“Wild things, yes,” he said, obsequious. “It’s been quite a journey. The giant ant lions, the tunnel of teeth.” He turned his weak-chinned smile to me and showed the pistol on his hip. “Don’t worry. I’ll always protect you, Eulalia.”

I put a full bucket of ice into my reply. “It is Ms. Rain to you, sir. We are not intimate.” My body may not be large, but men will find that I am not to be protected.

He stammered an apology, blushing. But as helooked away his eyes widened, and he pointed at a dust cloud on the horizon. I raised my opera glasses.
Desperadoes were coming.

I couldn’t tell, at first, what was off about them. But they neared quickly, and I saw it soon enough. No horse heads; no boots. Horse and rider were the same, in this outlaw herd. Human torsos reared out of equine bodies. Their four hooves galloped across the dusty ground, while human arms wielded pistols — and weirder weapons I didn’t recognize.  It was an abomination, as though humans were smeared backwards into savage nature. What perversion had birthed these beasts? What unspeakable acts?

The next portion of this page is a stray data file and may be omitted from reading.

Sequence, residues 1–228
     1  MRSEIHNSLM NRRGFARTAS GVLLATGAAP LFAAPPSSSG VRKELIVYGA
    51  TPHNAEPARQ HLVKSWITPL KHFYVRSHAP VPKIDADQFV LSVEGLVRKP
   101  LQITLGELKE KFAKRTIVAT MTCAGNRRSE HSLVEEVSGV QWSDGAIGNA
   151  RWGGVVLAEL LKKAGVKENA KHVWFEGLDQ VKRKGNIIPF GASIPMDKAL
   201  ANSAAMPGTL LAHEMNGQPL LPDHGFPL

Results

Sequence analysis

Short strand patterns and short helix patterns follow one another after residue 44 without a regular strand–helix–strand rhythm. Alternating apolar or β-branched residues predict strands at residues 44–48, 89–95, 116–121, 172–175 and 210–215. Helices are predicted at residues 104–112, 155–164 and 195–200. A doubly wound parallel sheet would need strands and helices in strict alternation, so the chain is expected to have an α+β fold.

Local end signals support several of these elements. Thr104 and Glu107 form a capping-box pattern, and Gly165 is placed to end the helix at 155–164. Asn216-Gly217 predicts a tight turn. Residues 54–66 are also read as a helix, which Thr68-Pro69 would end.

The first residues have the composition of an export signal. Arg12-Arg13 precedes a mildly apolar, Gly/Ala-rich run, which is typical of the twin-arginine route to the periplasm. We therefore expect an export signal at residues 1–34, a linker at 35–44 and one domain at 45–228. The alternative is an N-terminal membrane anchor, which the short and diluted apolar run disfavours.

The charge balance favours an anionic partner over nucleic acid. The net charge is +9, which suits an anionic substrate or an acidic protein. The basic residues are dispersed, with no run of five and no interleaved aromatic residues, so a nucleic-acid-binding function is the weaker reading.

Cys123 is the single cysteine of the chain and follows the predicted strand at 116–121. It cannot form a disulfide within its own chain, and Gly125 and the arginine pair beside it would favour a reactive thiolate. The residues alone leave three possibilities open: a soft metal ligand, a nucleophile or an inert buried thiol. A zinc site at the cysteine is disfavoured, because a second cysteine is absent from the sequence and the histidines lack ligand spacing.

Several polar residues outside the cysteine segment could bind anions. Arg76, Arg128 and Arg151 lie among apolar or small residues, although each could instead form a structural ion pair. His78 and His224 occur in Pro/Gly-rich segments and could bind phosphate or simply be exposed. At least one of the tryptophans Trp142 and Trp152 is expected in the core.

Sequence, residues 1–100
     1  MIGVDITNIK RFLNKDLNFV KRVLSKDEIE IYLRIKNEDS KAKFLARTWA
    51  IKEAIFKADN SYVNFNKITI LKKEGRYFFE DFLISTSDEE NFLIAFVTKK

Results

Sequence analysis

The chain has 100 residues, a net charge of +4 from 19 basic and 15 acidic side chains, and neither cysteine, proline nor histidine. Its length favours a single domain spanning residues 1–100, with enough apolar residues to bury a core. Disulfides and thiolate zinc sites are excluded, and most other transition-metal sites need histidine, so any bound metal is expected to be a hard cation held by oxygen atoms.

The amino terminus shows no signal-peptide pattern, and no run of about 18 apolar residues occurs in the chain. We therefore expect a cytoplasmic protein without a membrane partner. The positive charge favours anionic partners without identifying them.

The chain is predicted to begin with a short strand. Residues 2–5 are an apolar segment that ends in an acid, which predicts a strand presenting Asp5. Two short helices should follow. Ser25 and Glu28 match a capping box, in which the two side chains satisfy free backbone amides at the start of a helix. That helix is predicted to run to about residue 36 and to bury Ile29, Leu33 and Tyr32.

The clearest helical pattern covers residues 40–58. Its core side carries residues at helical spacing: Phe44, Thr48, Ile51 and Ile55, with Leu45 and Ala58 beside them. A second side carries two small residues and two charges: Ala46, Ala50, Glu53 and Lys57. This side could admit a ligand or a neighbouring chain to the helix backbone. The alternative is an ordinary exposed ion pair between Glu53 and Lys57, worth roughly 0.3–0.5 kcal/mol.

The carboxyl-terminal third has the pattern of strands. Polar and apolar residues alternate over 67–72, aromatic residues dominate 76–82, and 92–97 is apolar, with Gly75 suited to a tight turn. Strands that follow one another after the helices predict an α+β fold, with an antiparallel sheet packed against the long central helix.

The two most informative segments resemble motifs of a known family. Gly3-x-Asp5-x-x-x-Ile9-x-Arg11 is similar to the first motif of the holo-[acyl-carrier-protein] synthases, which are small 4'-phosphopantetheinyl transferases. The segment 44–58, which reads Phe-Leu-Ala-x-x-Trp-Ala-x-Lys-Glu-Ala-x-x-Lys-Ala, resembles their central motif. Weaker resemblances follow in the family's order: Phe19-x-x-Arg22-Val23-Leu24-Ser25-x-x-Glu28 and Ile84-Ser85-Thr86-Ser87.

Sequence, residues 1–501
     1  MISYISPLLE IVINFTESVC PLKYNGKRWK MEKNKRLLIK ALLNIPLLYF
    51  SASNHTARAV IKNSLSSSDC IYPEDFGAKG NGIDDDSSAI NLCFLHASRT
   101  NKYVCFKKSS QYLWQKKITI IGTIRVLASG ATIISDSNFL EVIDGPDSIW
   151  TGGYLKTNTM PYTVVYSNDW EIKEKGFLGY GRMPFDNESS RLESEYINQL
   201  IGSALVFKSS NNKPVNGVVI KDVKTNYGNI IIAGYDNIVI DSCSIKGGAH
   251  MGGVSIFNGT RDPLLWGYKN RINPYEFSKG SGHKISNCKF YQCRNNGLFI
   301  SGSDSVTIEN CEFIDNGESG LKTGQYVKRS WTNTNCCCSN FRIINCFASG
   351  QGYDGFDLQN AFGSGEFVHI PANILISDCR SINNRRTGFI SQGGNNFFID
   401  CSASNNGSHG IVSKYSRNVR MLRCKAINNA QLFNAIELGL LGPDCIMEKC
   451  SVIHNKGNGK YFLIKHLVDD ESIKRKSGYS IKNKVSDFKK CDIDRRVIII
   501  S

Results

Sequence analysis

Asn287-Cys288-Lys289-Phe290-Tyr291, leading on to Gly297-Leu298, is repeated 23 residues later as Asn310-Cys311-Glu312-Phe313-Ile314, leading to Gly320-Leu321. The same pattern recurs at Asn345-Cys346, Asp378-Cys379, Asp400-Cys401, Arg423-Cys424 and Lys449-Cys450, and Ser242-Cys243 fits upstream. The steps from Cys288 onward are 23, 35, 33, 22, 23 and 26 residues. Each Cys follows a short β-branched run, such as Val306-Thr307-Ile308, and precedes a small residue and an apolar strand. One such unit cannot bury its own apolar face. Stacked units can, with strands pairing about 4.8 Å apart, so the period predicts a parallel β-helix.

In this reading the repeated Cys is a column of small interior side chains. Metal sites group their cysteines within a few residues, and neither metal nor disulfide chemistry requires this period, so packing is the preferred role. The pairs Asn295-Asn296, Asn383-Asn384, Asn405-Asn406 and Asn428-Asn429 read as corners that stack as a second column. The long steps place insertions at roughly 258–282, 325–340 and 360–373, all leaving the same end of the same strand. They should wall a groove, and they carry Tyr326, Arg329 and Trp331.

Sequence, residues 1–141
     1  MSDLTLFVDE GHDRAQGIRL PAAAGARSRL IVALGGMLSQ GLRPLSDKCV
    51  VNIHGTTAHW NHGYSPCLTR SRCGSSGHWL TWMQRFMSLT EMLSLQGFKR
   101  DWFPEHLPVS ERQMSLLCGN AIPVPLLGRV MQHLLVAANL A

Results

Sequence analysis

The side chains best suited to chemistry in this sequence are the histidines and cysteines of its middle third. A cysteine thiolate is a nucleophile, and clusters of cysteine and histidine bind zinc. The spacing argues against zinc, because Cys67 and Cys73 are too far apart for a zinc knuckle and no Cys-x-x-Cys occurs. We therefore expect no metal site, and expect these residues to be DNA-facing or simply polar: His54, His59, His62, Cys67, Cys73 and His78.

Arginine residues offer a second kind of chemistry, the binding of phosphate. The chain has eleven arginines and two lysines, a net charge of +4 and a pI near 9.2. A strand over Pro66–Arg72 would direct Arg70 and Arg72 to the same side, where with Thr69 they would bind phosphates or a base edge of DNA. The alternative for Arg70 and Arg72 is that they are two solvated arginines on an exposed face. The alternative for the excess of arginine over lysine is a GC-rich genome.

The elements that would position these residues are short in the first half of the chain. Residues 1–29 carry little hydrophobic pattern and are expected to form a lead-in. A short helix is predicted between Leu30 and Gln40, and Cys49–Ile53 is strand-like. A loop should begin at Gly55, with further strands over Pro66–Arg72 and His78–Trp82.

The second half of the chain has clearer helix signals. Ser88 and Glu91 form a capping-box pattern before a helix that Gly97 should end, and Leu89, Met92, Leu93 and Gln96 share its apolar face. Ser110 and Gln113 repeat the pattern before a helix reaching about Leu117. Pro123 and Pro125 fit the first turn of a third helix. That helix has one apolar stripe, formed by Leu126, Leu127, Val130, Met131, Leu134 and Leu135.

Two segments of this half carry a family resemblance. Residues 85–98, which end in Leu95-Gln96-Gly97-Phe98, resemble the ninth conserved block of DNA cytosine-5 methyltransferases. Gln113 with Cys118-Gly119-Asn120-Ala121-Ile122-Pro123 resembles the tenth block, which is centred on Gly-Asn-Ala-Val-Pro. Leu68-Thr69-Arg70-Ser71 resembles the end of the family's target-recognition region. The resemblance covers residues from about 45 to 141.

“Stoke the engine, Spenser,” I hissed. We’d been traveling at a casual rate, conserving coal. We would need more fire to outrun the outlaw centaurs.

“And pass up the detonator.”

“You wouldn’t use it, though, Miss,” he gasped, reaching the plunger up.

“You won’t need to use it.”

But I wouldn’t fear to, either, Daddy. I’d wired the cars just as you showed me. Dynamite through and through. We would try to outrun them or outshoot them. But if it came to it, we would not surrender train nor track.